Industrial Water Recycle

Industrial water reuse and recycling has many drivers and benefits.

Contact an Expert

    Raymund Mears
    Product Manager
    Phone: +1 866-797-3025 

What is Industrial Water Reuse and Recycling?

Industrial water reuse and recycling is the process by which wastewater produced from one source (such as municipal wastewater) is treated so it can be used in an industrial process. Sometimes the source wastewater may be produced by the same industrial facility that treats it and reuses it.

Industrial wastewater can be recycled on or off site depending on space constraints and budgetary considerations.

Recycling wastewater is important for the natural environment as it avoids straining drought-stricken areas and natural habitats such as wetlands.

 Water Recycling Video

Watch Evoqua's video about an award-winning project on water reuse in a hydrogen plant.

 Benefits of Water Recycling

​The benefits of recycling industrial wastewater are many:

  • Reducing fresh water costs

  • Increasing operational efficiency

  • Reducing wastewater flows

  • Improving production capacity due to increase availability of clean water

  • Providing good "corporate citizenship" in your community, particularly in regions where seasonal droughts can occur

  • Reducing the size of your water footprint

  • Impacting the image of your company positively. If negative publicity around a company's water use can adversely impact a company's sales/growth then positive attention for water recycling can be beneficial.

 Common Industrial Water Reuse Opportunities

​Industrial water may be reused in many different ways. Before determining how to reuse waters, you should consider where potential water reuse opportunities exist.

Some opportunities for water reuse in an industrial plant may include:

  • Wastewater recycling

  • Cooling tower blowdown

  • Boiler blowdown

  • RO reject recovery and reuse

  • Once through cooling water

  • Collected rain waters  

water recycle and reuse

 The Need for Water Recycling and Reuse

Whatever is behind your need to recycle and reuse wastewater, decreasing your plant's water footprint is beneficial to your company and the community. The need for industrial water recycling and reuse has many drivers, including:

  • Industrial and population growth. A growing population increased the need for power generation, for example, which placed greater demands on water use.
  • Fresh water costs. The cost of clean, fresh water is continually increasing, and is impacting all regions.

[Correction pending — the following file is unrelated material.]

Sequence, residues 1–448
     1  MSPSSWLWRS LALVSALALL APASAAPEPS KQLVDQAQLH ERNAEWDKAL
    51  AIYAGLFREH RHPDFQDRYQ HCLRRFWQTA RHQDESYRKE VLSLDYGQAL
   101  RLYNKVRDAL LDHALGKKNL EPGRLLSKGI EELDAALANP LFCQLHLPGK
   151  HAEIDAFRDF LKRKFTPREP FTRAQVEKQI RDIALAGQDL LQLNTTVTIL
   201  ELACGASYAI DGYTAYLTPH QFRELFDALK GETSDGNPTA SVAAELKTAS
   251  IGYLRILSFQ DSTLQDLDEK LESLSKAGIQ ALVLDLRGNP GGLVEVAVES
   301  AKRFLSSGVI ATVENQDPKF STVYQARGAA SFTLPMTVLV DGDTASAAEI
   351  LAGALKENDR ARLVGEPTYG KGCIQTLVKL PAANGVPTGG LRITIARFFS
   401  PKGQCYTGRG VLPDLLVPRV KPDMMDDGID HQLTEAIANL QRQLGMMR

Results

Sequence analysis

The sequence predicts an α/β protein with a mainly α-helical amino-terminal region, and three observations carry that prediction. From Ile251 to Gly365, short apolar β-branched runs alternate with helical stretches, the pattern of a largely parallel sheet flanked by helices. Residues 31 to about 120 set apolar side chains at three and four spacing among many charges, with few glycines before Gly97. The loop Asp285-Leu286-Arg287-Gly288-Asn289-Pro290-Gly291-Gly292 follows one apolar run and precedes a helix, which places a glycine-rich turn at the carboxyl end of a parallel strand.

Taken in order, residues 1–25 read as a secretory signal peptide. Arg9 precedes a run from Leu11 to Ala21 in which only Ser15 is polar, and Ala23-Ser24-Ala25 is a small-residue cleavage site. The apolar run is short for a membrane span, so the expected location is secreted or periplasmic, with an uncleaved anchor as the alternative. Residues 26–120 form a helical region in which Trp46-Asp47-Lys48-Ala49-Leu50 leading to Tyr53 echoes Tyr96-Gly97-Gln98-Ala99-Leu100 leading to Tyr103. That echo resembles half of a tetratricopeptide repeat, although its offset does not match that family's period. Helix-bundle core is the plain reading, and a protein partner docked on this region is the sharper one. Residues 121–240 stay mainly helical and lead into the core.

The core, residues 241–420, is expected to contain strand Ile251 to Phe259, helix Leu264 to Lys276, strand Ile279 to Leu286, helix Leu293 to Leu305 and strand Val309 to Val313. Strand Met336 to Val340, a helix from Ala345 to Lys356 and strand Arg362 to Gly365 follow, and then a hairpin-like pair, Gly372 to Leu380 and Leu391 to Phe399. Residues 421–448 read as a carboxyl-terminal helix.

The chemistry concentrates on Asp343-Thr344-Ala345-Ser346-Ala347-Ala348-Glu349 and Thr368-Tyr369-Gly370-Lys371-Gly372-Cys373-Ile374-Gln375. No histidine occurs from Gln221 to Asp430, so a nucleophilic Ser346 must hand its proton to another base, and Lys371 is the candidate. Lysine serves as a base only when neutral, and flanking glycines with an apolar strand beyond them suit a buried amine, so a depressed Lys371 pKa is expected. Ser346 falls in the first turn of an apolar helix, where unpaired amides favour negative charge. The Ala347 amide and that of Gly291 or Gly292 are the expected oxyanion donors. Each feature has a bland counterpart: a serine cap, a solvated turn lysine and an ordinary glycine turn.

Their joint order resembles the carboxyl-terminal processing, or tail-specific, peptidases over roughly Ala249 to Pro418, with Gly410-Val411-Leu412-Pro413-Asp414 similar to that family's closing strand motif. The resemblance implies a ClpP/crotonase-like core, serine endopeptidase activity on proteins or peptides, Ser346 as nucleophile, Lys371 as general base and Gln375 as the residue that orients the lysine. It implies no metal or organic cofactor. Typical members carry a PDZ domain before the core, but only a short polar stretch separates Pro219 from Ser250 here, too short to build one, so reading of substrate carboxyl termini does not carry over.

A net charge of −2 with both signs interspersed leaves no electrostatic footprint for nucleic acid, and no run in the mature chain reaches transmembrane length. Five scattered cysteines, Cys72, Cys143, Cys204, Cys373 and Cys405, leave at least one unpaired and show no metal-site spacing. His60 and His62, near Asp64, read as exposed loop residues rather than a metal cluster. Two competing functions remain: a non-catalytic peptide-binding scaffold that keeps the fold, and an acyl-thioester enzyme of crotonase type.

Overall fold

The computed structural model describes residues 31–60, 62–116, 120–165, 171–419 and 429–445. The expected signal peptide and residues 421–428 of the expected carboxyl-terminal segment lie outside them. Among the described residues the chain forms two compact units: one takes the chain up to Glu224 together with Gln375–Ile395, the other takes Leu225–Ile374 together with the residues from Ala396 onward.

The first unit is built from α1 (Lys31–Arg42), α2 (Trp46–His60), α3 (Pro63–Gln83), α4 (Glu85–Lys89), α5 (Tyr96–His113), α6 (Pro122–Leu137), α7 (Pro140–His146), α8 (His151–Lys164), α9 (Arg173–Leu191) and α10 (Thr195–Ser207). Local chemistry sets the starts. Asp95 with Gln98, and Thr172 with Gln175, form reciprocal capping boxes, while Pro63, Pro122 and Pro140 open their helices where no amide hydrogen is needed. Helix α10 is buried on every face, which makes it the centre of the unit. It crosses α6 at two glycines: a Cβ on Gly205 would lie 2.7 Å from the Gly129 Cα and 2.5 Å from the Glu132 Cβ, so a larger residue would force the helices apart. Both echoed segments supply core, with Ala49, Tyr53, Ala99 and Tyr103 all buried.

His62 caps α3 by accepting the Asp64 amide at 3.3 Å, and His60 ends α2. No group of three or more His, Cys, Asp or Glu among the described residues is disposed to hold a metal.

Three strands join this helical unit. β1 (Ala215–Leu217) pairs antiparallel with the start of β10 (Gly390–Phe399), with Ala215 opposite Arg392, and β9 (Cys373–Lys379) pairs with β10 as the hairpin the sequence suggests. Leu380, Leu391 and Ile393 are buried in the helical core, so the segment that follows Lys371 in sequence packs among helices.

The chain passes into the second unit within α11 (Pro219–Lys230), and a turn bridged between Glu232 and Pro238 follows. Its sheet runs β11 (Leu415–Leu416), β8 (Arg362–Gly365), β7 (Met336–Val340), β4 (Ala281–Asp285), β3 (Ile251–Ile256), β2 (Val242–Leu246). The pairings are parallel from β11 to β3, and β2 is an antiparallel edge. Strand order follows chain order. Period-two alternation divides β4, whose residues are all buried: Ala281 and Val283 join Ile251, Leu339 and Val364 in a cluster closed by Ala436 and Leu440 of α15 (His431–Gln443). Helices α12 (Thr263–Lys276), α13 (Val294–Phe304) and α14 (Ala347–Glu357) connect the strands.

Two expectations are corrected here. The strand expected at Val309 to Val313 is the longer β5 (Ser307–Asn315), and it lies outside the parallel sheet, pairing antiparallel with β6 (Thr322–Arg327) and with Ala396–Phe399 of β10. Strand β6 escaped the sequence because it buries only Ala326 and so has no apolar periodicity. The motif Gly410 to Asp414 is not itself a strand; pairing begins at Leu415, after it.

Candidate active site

• Regulatory requirements. Many industrial sites have wastewater discharge permits that include flow and quality restrictions. Moreover, EPA Industrial Effluent Guidelines are often revised.
  • Social responsibility. Protecting the world's resources is a global concern: the general public is paying attention. Negative publicity around a company's water use can have an impact on a company's sales/growth.
  • Discharge costs. Sewer and wastewater costs have increased at a higher rate than fresh water costs.
  • Water scarcity. Many regions in North America are susceptible to drought. Additionally, some industrial plants have limited access to clean/fresh water.
  • Wastewater processing limitations. In many industries, plant wastewater treatment capacities have not increased proportionally with plant production. Plants are challenged to meet higher flows and have limited operational resources.
  • Sustainability efforts. Many companies strive towards sustainability by utilizing economically sound programs that help minimize a plant's negative environmental impact while conserving energy and natural resources.

 Evoqua's Award-Winning Solutions

​Each industry has different sources of wastewater that must be evaluated carefully in order to find the right treatment and reuse solution.

​Evoqua has designed and installed custom, award-winning industrial wastewater recycling/reuse systems and has serviced many types of industries, including:​We offer a wide range of solutions for the wastewater treatment and reuse process:

These and other technologies (such as ion exchange, disk and screen filters, carbon adsorbers, chemical feed, sludge dewatering, or sludge thickening) can be used singly or in combinations.